Tami and I left the next morning to pick out fabric for her project.   John, upon hearing of her project, offered to make her a loom.  Meanwhile, after choosing batiks in soft creams and blues (beachy colors she said), she cut her fabric strips and started a placemat on my loom.

Tami and I always get into crafts toward the end of their month in Maine with us, so she did not have time to finish this first placemat and went home with both my loom and the one John made for her.  She did have time to master the technique and finished one of the placemats in short order.  Here it is:


I, meanwhile, made the six napkins with fabric she left with me and mailed them to her.

Tami and Mike, after looking for the kind of home they wanted to buy in Charleston, bought a home in August.  Thus, she was preoccupied with her third move in three years and with some changes to the new home throughout the fall.  (They bought a simple, beautiful home that works to keep them together as a family–along the lines of the “not so big” home idea.)  And now, both of my sons and their families live on Isle of Palms, a barrier island just north of Charleston’s harbor.  They live two blocks from each other and within two blocks of the beautiful Isle of Palms beach. 

Together over Thanksgiving, we finished three placemats, so now Tami has four completed.  She has materials for two more.

Here’s what the loom looks like, with a placemat in progress:

And, here are three placemats with their matching napkins:

Some time this winter I would like to start a rug using an old light green duvet color and some old sheets. 

I warn you:  this craft is addictive.

Turkey Tracks: Steve Melchiskey’s Earring Holder

Turkey Tracks:  December 13, 2010

Steve Melchiskey’s Earring Holder

I’m a member of Coastal Quilters, a chapter in the Maine State Pinetree Quilters’ Guild.  CQ is based in Camden, Maine, and it is a lovely group of women.  I treasure knowing each and every one of them.  They are generous to a fault, astonishingly talented, and devoted to this quilting group.  We learn a lot from each other.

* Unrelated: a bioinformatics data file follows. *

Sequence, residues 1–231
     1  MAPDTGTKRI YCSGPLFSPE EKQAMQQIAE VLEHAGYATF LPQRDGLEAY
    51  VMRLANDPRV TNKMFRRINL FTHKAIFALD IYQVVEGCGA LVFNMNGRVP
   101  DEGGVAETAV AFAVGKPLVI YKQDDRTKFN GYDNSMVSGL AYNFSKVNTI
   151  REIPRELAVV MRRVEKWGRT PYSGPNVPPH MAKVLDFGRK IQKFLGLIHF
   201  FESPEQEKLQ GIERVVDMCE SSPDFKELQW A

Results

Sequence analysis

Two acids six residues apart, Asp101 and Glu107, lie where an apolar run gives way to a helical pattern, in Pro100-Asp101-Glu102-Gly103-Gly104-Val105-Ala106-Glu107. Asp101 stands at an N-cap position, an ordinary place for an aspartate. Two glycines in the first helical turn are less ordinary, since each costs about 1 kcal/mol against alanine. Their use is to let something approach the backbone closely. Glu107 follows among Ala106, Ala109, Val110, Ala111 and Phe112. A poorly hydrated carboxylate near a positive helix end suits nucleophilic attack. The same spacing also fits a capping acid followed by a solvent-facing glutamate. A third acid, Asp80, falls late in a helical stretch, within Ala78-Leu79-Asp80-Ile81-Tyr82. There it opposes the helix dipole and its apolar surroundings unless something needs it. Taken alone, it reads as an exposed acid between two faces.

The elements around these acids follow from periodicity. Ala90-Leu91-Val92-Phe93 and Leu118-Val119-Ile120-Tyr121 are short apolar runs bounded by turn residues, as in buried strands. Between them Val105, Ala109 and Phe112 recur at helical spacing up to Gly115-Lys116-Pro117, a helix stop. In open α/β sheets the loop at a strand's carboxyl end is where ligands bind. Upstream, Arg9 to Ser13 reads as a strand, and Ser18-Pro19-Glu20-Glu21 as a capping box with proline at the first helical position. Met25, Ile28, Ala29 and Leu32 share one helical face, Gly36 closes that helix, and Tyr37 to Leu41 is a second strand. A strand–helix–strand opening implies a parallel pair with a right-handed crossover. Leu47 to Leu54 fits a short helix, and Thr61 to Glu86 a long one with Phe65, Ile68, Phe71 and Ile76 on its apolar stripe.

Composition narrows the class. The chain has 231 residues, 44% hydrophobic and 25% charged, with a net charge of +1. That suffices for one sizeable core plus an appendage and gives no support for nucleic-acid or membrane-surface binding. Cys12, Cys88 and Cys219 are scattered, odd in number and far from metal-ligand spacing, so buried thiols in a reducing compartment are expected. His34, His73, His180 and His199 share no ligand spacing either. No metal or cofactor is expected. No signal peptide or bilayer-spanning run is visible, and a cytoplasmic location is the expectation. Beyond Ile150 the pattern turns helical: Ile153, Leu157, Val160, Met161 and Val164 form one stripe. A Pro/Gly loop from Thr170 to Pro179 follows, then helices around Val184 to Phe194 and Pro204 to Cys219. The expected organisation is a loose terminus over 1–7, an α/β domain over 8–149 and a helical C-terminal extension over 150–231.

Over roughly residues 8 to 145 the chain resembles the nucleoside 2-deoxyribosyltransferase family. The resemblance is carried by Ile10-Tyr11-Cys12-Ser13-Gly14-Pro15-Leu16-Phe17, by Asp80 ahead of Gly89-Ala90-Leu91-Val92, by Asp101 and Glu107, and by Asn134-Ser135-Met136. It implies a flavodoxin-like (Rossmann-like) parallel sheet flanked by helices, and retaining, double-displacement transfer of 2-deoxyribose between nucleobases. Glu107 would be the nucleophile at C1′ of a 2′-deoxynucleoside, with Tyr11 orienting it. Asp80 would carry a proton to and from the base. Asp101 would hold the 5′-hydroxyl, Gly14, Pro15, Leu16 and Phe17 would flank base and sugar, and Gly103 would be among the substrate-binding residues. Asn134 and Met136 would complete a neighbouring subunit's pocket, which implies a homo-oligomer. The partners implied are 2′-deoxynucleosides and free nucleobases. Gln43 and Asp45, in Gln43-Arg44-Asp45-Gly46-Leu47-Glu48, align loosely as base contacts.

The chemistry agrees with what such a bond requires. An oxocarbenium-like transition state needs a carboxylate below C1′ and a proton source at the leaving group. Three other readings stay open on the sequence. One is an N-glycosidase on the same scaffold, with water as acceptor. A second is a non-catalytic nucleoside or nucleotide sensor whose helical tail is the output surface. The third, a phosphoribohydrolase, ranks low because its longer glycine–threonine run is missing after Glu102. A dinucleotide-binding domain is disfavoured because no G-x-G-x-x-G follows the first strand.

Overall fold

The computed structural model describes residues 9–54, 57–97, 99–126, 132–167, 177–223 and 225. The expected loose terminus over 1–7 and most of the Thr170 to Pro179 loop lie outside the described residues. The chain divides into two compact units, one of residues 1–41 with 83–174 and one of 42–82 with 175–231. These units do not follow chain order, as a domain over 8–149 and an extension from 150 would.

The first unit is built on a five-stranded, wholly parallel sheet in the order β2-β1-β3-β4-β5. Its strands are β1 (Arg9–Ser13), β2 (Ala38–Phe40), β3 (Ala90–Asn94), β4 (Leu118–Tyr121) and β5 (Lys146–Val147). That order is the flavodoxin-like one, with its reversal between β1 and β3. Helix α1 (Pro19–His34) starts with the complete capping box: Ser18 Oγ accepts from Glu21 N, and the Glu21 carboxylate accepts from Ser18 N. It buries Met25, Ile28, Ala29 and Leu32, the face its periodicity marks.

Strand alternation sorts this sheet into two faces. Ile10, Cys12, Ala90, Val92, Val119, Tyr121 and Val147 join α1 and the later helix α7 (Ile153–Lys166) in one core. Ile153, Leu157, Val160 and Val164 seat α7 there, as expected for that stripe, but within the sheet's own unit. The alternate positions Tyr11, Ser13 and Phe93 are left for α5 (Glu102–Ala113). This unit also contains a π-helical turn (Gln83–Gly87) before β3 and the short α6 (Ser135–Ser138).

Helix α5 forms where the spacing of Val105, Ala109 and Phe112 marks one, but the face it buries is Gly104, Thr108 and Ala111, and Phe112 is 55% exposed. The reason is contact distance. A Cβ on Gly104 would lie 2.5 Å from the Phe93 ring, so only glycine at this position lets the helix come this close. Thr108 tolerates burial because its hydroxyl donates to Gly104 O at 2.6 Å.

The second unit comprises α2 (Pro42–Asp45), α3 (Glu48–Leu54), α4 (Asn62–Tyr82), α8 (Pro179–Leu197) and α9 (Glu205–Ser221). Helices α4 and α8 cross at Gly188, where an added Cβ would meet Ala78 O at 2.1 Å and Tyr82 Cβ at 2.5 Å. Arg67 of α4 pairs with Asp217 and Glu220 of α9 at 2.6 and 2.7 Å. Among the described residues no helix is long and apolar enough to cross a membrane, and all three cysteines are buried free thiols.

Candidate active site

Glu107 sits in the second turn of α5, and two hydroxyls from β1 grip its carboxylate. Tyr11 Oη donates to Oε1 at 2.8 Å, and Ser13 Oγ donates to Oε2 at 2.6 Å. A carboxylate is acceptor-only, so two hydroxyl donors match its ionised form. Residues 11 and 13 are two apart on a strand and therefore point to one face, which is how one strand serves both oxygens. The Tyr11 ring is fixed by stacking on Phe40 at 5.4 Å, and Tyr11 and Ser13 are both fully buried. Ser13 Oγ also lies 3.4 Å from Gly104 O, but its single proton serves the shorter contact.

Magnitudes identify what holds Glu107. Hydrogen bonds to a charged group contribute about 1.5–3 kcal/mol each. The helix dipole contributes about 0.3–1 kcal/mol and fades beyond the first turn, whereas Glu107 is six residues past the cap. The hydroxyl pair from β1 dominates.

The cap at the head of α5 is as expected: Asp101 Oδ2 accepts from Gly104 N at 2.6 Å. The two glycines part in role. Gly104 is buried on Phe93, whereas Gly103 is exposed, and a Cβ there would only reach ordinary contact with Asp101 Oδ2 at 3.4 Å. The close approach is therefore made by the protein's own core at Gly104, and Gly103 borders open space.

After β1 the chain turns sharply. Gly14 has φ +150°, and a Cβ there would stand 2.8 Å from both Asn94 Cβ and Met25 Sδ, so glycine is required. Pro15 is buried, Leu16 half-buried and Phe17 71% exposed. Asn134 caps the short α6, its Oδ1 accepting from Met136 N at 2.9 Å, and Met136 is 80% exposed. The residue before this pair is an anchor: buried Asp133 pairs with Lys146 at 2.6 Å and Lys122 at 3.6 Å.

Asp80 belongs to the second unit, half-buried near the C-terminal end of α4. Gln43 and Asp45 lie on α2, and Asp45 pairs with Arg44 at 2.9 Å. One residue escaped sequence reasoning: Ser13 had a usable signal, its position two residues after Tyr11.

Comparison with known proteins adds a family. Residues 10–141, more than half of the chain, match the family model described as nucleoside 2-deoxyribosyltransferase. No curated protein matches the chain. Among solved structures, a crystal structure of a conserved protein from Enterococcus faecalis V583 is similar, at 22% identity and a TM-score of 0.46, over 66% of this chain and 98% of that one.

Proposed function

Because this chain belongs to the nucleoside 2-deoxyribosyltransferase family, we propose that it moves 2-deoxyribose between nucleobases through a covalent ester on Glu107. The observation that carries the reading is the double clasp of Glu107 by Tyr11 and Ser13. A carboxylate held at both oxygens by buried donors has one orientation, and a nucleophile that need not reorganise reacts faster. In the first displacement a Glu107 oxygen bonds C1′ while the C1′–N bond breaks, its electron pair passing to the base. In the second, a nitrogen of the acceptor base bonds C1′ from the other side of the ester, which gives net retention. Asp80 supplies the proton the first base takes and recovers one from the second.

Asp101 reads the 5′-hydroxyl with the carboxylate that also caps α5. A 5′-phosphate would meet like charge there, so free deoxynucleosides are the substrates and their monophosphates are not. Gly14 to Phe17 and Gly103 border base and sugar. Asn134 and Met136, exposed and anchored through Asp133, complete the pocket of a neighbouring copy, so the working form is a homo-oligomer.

Our spouses are no slouches either.  Many of them help us set up our meeting space at the Lion’s Club each month, which involves putting up lots of tables and placing chairs around them.  And, for our annual fundraising auction, one spouse–Steve Melchiskey–made several, very clever, pierced earring holders, using frames and window screen.  I had been searching for something to organize my earrings–especially since I have a new-found passion–making earrings with the help of the staff at Aboca Beads in Damariscotta, Maine, about 40 minutes down the road.

Here’s my terrific earring holder, and my heartfelt thanks to Steve Melchiskey for supporting Coastal Quilters:


Look at all those earrings, both VERY old and new!  The top three on the left are made from folding clay by the most amazing artist who displays at Alewives Fabrics in Damariscotta Mills.  How does she make such intricate pictures????  Some readers will recognize earrings they have given to me.  Some of the earrings I remade from old, outdated earrings, giving them new life.  One of the amber-like ones on the lower left got dropped and cracked.  John glued it for me, and I love it still.